Winter Olympics: Prime-time gold worth wait for NBC
By MICHAEL HIESTAND
The Olympics always bring out the inner TV critic in us all, so we gave readers a chance to critique NBC’s coverage in an online discussion:
Dave Fish: We live in a now society. We want our media now. We want our sports now. . . . We want our Olympics now . . . not eight hours from now. They need to figure this out because this isn’t working.
Remember that with any sport, the ultimate responsibility for keeping viewers interested is the sport itself. Networks - whether it’s with the NBA, NFL, Olympics - can come and go when it comes to airing the event. The event itself has the ultimate control. . . . Networks worry about building big TV audiences so they can at least break even on what they spend.
Mike B: Why doesn’t NBC show more live events?
NBC has stuck to the longtime Olympic TV plan: Hold the best action until prime time, when viewership is biggest. Naturally, people can find out the results long before that footage airs. But NBC has exclusive rights to the footage before it airs, so it knows you won’t see it until it shows it.
Rob Rakossy: I get the need for a taped package for everyone at prime time, but then use your outlets and broadcast live . . . (and) stream as many events on the Internet.
They’re looking to bolster prime-time interest above all, rather than ever detract from it. . . . Actually, in many countries, live online streaming of Olympic events has been widespread for years. NBC, though, pays enormous TV rights fees - $820 million for Vancouver - mainly for the right to air Olympic footage for the first time. If Bode Miller’s afternoon run were all over the Internet immediately, and also available for other networks to show, fewer people would be sitting around waiting to see it on tape that night.
Cindy: I agree about showing all the downhill runs on one channel, all the skating on another channel and all the halfpipe on yet another of their five channels.
You’re on to something with grouping more sports by channel. NBC already does some of that with hockey, curling, etc. In future Olympic TV/Internet models, you might see more of what you’re talking about. . . . NBC is weighing the long-term risks. Let’s say CNBC, its business channel, shows lots of daytime Olympics and viewers looking for business news wander over to Fox Business. NBC has to worry about keeping those viewers after the Games.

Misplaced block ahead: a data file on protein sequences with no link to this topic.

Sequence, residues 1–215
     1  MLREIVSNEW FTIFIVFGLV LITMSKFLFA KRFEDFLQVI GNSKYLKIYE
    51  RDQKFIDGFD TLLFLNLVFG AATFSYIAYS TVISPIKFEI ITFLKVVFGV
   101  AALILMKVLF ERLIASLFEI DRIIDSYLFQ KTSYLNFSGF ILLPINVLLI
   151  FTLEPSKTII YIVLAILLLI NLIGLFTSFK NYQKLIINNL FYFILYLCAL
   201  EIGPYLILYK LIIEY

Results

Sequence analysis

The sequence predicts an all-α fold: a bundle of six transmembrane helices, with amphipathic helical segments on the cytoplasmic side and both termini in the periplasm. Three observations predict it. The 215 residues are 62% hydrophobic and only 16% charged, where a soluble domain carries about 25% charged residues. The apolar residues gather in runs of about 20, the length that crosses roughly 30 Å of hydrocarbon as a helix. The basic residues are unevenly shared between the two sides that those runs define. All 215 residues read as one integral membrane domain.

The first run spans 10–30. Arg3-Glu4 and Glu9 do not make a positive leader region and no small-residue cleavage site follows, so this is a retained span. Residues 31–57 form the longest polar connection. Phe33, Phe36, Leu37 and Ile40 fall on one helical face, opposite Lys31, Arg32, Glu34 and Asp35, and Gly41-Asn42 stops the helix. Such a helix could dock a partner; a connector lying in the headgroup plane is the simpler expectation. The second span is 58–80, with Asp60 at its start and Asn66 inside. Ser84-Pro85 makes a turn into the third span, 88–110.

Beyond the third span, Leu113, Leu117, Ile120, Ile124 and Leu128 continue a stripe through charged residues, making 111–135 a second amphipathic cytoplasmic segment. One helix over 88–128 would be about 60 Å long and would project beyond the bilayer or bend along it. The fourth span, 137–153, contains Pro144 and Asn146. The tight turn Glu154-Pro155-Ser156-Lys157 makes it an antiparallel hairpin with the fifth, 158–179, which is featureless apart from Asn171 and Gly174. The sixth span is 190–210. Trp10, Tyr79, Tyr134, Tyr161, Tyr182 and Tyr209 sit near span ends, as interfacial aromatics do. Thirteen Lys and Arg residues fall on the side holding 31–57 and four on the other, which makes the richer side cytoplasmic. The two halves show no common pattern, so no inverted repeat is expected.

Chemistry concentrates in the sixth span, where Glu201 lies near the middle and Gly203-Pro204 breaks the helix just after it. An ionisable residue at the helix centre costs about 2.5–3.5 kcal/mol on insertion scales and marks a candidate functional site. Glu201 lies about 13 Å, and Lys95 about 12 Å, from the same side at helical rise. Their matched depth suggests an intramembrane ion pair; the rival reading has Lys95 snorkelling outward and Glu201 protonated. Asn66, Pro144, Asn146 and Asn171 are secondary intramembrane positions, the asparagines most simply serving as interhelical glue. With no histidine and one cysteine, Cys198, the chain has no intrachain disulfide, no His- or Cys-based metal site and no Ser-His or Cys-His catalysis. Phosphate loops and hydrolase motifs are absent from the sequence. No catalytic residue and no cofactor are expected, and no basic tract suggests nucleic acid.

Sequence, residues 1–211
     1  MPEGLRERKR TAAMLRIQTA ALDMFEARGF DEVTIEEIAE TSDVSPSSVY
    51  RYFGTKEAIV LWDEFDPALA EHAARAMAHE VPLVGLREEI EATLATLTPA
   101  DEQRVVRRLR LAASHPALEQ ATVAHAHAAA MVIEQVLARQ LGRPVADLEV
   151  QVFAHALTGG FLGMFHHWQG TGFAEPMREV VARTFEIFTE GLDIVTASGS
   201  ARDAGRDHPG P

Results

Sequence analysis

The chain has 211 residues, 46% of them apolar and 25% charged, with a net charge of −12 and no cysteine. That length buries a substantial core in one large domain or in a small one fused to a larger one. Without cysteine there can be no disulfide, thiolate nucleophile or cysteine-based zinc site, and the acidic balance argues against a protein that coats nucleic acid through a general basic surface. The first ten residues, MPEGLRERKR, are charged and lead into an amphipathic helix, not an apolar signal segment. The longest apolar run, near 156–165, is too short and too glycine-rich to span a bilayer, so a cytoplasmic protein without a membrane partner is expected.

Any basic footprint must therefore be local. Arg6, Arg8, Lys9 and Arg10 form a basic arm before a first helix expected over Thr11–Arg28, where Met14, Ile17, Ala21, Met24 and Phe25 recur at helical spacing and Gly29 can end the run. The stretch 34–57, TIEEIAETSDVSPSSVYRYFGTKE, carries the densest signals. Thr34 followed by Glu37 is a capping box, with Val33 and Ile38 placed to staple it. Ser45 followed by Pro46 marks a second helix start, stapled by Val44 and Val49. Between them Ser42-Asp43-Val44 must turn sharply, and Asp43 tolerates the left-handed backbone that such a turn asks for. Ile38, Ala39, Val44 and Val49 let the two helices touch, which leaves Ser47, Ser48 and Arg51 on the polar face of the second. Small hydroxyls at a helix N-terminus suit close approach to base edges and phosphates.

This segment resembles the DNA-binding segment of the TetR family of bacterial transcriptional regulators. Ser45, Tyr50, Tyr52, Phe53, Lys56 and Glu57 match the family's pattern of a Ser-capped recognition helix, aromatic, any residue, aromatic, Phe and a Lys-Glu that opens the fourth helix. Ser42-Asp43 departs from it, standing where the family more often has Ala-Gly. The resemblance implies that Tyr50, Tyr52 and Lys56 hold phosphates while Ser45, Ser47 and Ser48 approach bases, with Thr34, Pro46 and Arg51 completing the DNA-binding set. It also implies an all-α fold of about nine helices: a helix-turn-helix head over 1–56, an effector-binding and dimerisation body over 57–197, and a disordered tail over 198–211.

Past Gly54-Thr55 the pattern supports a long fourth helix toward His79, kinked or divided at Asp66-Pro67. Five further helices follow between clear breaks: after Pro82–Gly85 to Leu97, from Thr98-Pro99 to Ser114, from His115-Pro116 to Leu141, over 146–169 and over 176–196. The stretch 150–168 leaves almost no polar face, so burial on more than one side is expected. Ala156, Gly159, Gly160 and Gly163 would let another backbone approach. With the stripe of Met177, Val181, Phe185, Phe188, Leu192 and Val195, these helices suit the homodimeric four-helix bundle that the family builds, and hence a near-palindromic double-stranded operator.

John Fischetti: I was in Lake Placid, N.Y., and was lucky enough to be able to tune in to CTV to watch the downhill live.
It’s not just Canada that shows lots more Olympic action live on TV and online. Pretty much everybody carries it live. NBC has a very unusual model. But then, NBC pays much, much more than networks from other countries.
Dave Fish: Daytime coverage is next to nothing. Save the finals for 8 p.m. (ET) . . . give us something to watch!
This goes back to NBC’s central tenet of prime time being all important because it gets the whopping viewer totals. But this is a chicken-and-egg thing: If you hold your best for prime time, of course it will get the biggest audiences.
Dave Fish: But their ratings are down, so that obviously can’t be working well.
Well, Olympic ratings are the trickiest to interpret. Ratings are up from Torino in 2006, but those Games presented obvious time zone problems. Ratings are down from Salt Lake (in 2002) - with a comparable time zone. But those games were in the United States, and U.S. ratings always go up when America has the Games. Then there are always lots of variables. NBC, despite the time differences with China, got good ratings - especially when Michael Phelps swam. But how much was due to NBC’s coverage and how much to the freakish success of Phelps?
Back to our regular Monday programming:
Ratings Games:NBC clocked its second-lowest prime-time rating of the Vancouver Games on Friday, despite two U.S. skiing medals. But the network’s 23.3 million average viewers nearly doubled that of CBS, Fox and ABC combined, according to Nielsen. Overall, the first eight days of NBC’s prime-time coverage was up 20(PERCENT) over Torino in 2006 with 26.2 million average viewers.
Innovation station: ESPN, which plans to launch a 3-D network this summer, unveiled “ultimate uplink” during Sunday’s NBA pregame show on ABC. The new gadget made it appear that Stuart Scott was interviewing the Orlando Magic’s Dwight Howard in the studio - except Howard wasn’t actually in the studio. Stuart explained on-air that “ultimate uplink” is designed to enhance interviews. It wasn’t clear how this differed from a remote interview . . . but it looked cool. Says ESPN’s Mike Soltys: “Ultimate uplink is a visually compelling experience and has the potential to offer immediate reaction with newsmakers in a more engaging manner.”
Spice rack: Fox’s Chris Myers in a Q&A segment before Sunday’s NASCAR Sprint Cup race in California: “We hid today’s answers underneath an encyclopedia in the Kardashian household.” As if it weren’t difficult enough.